An online petition to make free music eligible in the Grammy Awards is being considered by the Recording Academy after a petition circulated with support from prominent figures like rapper Chance the Rapper.
The Grammy Awards are arguably the largest music awards ceremony in the world, if not the most renowned, and until now have been inclusive for music released “commercially”. This meant that artists, no matter how popular, were automatically excluded from the rewards if they made their music available for free, something that has held back artists like Chance the Rapper who has released the majority of his music free on his SoundCloud.
A recent petition, with support from the aforementioned Chance, requested support to change the process. With support from over 25,000 people so far it clearly resonated through fans and the industry as the Recording Academy behind the Grammy Awards have revealed they’re going to consider a Free Music category.
A spokesperson told International Business Times: “The Grammy awards is fluid and, like music, continues to evolve. As a peer-voted award, the awards process is also peer-determined. Each spring, music creators in the community work with Recording Academy staff to prepare and submit proposals, which are then reviewed by the Board and announced shortly thereafter.”
It’s not a definite confirmation but it’s at least in discussions now, and could potentially lead to us seeing a new Grammys category this year. Whilst the number of significant artists releasing music for free may not be massive it’s still a significant portion. As music becomes internet-central it’s opened up new platforms for artists, such as SoundCloud or their own websites where they can release music for whatever price they want – including free.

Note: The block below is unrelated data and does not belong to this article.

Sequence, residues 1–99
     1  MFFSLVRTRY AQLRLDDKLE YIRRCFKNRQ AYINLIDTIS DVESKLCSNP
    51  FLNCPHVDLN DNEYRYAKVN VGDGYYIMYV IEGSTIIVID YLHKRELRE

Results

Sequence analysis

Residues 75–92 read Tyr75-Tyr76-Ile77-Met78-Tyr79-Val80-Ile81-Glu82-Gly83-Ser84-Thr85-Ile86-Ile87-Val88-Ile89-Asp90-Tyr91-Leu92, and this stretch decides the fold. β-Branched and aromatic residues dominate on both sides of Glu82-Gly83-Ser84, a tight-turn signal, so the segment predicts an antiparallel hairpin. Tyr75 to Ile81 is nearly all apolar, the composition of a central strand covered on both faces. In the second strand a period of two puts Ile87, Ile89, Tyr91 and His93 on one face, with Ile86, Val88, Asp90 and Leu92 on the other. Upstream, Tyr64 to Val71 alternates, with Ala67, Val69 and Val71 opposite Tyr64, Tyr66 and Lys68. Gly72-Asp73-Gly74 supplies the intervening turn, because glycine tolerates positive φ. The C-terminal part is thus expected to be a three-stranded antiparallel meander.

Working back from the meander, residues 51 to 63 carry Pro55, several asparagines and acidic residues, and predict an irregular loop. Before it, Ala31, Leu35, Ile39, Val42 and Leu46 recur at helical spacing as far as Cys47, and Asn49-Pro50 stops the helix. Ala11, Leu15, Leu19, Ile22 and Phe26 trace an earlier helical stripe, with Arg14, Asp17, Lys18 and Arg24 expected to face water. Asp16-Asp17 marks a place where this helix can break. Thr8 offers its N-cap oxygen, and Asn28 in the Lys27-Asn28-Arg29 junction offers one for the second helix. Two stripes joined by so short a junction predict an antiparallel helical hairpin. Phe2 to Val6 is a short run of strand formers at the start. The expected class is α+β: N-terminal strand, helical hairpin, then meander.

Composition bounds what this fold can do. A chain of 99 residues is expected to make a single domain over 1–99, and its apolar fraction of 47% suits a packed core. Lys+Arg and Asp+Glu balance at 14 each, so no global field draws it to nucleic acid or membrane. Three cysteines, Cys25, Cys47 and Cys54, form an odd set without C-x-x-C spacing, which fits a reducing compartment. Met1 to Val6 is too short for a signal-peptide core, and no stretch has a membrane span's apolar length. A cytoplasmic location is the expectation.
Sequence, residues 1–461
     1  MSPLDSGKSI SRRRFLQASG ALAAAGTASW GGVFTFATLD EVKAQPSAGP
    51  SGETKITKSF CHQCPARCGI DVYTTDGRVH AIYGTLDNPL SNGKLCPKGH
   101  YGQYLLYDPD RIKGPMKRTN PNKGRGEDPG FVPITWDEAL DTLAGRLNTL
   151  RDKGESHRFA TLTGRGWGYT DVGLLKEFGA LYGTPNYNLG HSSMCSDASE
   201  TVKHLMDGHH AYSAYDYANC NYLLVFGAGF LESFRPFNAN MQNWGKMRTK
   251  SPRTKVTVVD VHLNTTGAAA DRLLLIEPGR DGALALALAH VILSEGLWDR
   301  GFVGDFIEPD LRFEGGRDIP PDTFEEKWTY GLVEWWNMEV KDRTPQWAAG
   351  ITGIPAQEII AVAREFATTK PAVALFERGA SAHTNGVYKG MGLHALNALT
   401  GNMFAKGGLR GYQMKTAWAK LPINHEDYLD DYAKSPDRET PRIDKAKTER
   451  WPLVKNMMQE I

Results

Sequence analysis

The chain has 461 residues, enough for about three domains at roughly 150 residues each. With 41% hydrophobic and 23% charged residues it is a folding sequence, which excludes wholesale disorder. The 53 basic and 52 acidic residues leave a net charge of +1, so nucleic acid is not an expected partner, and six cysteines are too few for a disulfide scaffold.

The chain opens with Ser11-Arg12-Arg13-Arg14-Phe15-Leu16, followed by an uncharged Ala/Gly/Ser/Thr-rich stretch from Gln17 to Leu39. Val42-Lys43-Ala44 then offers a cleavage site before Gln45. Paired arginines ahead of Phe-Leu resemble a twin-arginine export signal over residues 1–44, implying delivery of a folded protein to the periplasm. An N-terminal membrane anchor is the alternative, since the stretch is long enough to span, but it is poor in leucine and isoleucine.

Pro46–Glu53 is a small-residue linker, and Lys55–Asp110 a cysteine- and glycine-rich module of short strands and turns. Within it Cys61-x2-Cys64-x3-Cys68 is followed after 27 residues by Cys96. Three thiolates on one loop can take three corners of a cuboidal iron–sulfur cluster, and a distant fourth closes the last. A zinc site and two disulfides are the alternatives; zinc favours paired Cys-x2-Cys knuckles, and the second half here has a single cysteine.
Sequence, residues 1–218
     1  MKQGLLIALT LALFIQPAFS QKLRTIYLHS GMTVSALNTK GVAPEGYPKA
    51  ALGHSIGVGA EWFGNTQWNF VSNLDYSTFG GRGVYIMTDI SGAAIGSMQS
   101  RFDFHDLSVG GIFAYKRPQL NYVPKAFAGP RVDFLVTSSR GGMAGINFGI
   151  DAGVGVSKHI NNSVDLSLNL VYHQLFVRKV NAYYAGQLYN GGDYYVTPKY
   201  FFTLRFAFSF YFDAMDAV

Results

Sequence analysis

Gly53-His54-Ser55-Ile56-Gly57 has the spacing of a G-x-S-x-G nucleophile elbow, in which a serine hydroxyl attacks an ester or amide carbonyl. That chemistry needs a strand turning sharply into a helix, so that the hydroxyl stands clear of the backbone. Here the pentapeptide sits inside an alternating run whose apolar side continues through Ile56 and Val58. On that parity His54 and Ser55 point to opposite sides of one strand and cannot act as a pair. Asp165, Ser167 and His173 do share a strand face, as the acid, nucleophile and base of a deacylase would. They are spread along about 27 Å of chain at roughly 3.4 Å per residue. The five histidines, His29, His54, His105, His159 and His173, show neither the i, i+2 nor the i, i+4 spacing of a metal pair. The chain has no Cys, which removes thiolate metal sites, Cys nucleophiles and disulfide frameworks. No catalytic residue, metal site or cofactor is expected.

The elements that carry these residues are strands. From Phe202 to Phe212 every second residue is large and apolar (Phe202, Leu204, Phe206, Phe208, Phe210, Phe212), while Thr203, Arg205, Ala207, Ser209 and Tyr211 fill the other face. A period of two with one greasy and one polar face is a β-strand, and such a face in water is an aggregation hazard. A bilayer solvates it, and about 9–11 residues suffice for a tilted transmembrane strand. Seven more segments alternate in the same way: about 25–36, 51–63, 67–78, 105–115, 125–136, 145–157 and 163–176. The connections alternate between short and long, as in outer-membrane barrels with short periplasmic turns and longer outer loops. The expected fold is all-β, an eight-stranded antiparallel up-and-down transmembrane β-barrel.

Releasing music for free works on multiple levels: It can be a promotional tool to get your name heard (people love free things), a reward to loyal fans, a way to distribute unreleased music, and much more. As the music landscape changes with online it’s only right that academies representing the industry evolve with it.
Max Krasowitz, the man behind the petition, wrote on the petition page:
Ridiculously talented artists who are releasing free mixtapes and projects are not getting the recognition they truly deserve because the National Academy of Recording Arts and Sciences insists that to be eligible for a prestigious Grammy Award that the music must be “commercially released in the United States, i.e. sales by label to a branch or recognised independent distributor, via the Internet, or mail order/retail sales for a nationally marketed product. Recording must be available for sale from any date within the eligibility period through at least the date of the current year’s voting deadline (final ballot).”
This means that artists like Chance the Rapper, who are now getting national recognition and performing on national platforms (just this past week Chance performed on the Jimmy Fallon show) are being punished for making their music available to everyone, rich or poor, by releasing their music for free. It’s obvious that these artists deserve it even if they can’t afford it, as well as decreasing pirating and illegally downloading music. Not all artists should be forced to release their music for free, but the ones who do should not be punished for doing so. If you would like to discuss this issue further please contact me @krazo05 on Twitter.
Fingers crossed the discussions become a positive result. When any verdicts or updates are announced you can be sure to catch it here on the RouteNote Blog.